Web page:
Maarat al-Ikhwan (Syria) (AFP) – Just days ago, Fadi al-Shami was struggling to buy overpriced baby milk in Syria’s besieged and bombed Eastern Ghouta. Now evacuated to Idlib, he can finally afford to feed his infant.
Shami’s family was among tens of thousands of people bussed out of a pocket of Ghouta under a negotiated rebel withdrawal after a relentless weeks-long bombing campaign by government forces.
“In Ghouta, when I left the house to get milk and diapers for my 11-month-old son Wissam, I would say goodbye to my wife and tell her I may not come back,” Shami, 30, told AFP.
“I would go from one village to the next, just to find 200 grammes (half a pound) of milk,” he recalled.
Even before the Syrian government began its Ghouta assault on February 18, the opposition stronghold was crippled by a restrictive half-decade siege.
Food, fuel and other basic necessities became difficult to find, and anything that was available was prohibitively expensive.
“The cost of powdered milk in Ghouta reached 17,000 Syrian pounds a kilo ($39),” said Shami, while in Idlib it costs less than a quarter of that amount.
“I reached Idlib to find basic necessities are all available. The people, life in general here is different from Ghouta. I feel like I’m in heaven.”
Shami, his wife, and young baby reached the rebel-held northwest province of Idlib this week under an evacuation deal between rebels and regime backer Russia.
More than 36,000 people have been bussed out of Ghouta under two such agreements, while a third set of talks over the largest Eastern Ghouta town of Douma has stalled.
– ‘Here, I can play’ –
Shami had worked in Ghouta as a media activist, documenting years of siege and escalating bombardment, but ultimately decided last week to evacuate.
He took the hours-long journey with thousands of his neighbours to Idlib, also hard-hit by Syria’s war but nearly incomparable to bombed-out Ghouta.
As soon as he stepped off the bus, he bought cans of soda, biscuits and potato chips for his family at 1,500 Syrian pounds ($3) — what a single can costs in Ghouta.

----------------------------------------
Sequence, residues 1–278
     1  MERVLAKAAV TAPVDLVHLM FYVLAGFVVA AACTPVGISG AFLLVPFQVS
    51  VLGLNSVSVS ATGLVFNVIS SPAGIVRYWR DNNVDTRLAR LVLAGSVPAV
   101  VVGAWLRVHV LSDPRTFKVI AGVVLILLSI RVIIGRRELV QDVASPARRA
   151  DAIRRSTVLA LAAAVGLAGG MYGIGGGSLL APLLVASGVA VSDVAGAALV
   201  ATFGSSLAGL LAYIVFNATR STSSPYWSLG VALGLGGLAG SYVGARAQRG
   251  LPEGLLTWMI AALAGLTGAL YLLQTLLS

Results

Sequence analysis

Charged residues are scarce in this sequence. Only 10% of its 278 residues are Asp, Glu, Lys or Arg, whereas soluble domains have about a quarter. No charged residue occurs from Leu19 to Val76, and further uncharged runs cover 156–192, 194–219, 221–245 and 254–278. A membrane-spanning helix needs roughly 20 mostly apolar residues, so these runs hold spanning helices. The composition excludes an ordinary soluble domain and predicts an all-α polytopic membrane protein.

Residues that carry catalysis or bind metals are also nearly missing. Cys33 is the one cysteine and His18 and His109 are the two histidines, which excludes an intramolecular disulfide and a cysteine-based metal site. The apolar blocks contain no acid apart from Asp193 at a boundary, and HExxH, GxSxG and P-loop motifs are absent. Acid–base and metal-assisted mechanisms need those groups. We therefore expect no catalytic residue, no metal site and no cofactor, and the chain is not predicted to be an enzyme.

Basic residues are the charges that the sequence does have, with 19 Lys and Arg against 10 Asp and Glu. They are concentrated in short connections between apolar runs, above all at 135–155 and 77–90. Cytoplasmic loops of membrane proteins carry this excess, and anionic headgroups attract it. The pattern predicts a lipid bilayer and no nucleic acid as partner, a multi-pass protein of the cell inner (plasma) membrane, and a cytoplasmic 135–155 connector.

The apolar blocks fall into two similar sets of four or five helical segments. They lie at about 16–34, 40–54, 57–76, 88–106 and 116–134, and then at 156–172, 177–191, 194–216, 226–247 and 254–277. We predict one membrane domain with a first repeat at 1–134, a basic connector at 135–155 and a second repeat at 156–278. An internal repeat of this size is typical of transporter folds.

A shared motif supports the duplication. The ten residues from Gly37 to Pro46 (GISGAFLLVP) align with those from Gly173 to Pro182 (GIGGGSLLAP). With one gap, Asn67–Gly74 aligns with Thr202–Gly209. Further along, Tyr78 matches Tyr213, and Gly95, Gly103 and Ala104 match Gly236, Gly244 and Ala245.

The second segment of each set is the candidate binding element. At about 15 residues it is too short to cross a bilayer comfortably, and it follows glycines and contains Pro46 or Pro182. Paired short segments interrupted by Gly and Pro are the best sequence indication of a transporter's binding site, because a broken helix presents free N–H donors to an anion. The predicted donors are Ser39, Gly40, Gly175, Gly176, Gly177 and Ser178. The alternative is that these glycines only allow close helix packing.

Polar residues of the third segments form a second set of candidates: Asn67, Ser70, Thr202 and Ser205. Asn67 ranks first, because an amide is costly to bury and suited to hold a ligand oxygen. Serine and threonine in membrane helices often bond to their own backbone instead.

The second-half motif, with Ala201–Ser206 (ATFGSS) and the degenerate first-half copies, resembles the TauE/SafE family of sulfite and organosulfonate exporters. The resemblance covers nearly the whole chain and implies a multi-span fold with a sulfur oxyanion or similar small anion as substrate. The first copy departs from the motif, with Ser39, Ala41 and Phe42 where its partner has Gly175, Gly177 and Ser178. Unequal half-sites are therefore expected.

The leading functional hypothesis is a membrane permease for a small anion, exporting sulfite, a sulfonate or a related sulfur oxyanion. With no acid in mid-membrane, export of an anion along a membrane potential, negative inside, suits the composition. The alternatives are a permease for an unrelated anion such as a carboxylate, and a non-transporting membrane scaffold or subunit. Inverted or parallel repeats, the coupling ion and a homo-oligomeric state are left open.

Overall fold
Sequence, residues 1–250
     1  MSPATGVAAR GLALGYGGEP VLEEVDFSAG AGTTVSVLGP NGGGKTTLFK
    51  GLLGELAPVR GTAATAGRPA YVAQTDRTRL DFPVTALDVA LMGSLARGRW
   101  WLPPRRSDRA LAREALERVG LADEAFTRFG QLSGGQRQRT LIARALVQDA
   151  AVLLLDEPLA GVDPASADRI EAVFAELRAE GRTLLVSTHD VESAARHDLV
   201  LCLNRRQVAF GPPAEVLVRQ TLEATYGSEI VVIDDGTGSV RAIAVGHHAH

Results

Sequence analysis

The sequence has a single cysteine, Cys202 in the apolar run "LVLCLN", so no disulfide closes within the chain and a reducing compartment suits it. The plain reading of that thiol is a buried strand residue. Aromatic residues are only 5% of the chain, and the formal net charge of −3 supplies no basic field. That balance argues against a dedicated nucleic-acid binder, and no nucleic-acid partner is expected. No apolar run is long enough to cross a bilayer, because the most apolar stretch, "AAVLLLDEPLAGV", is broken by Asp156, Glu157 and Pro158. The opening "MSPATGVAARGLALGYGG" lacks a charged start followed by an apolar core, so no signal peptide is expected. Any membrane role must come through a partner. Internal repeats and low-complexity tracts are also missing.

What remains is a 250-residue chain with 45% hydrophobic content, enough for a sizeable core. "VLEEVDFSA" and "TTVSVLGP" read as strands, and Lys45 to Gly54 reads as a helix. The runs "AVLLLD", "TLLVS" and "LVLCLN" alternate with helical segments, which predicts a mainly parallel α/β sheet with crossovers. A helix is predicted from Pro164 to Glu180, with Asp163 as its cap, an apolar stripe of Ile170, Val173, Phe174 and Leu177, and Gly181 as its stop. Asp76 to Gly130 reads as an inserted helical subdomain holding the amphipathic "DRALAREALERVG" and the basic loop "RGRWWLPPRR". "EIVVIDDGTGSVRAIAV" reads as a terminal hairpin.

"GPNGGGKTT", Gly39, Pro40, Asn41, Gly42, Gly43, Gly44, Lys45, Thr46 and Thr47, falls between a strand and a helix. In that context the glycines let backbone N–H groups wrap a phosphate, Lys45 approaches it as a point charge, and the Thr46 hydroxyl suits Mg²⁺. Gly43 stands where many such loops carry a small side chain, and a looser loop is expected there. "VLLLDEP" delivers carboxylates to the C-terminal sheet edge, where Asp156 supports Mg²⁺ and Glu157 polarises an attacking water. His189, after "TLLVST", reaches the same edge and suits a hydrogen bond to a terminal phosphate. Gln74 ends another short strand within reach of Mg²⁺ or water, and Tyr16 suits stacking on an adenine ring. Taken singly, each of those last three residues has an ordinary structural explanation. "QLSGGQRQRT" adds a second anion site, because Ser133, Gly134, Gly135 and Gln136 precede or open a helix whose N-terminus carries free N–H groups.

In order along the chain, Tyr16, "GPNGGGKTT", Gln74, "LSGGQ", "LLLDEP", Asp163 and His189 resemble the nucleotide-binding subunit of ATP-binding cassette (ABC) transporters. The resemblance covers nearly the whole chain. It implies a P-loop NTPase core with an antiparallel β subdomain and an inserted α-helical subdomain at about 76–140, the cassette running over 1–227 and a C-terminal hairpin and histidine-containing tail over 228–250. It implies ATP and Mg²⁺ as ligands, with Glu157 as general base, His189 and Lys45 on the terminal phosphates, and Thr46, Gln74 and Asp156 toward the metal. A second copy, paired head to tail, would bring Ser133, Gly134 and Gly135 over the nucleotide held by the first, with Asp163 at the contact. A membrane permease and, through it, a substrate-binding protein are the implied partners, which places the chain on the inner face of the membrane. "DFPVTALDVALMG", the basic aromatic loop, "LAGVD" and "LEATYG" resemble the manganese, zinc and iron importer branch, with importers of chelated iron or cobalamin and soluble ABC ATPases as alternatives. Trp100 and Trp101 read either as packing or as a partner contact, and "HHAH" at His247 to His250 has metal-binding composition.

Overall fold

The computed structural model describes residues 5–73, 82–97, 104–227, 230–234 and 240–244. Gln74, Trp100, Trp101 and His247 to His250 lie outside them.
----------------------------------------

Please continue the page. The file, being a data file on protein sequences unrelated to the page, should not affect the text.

“I didn’t think I’d live to buy what we need at this low a cost in Idlib province,” said Shami, who now rents a home in the town of Binnish.
“In Ghouta, the situation was tragic. We were living in hell — the means of living were just not there,” he said.
Many who have made it to Idlib have no relatives to stay with or ways to pay for a home, and have been forced to stay in displacement camps.
Outside one temporary shelter in Maarat al-Ikhwan, excited yelps rang out from a group of boys locked in a competitive football match.
“In Harasta, we were scared and terrified,” said 13-year-old Qais al-Hallaq, whose hometown of Harasta was the first to secure an evacuation deal.
“We never dared to go leave the shelter to play football, but here I can play with my friends,” he added.
Back in Ghouta, the thin, pale boy gathered and sold plastic jugs and nylon bags.
“Here, we can get food and biscuits. But there, we couldn’t get any good food,” he said.
– ‘Unlike anything else’ –
More than 2,000 people live in the Maarat al-Ikhwan camp, which is supported by the United Nations and aid organisations.
For Abu Laameh, evacuated from Harasta last week, even the camp is better than Ghouta.
“It feels like we were at the bottom of a well, and someone pulled us out above ground,” he told AFP.
“The war we had was something unlike anything else in the world.”
Waving his lit cigarette above his head, Abu Laameh said the last one he bought in Ghouta had cost him 850 Syrian pounds — nearly $2.
In Idlib, an entire pack costs 200 pounds, or less than 50 cents.
“Ghouta’s siege was very suffocating. God saw to it that we came here, where it’s safe,” said the elderly man, who wore a green vest atop multiple layers.
The siege had caused prices to jump up in Ghouta, but the offensive also contributed to skyrocketing costs.
Earlier this month, the UN’s humanitarian coordination branch (OCHA) said the onslaught damaged several Ghouta bakeries, causing a 25-fold increase in bread price.
Abu Qassem, 40, is glad to be safe in Maarat al-Ikhwan, but said he still fears for the future.
“Having food and drink isn’t everything in life. We want to know what’s going to happen to us,” he said.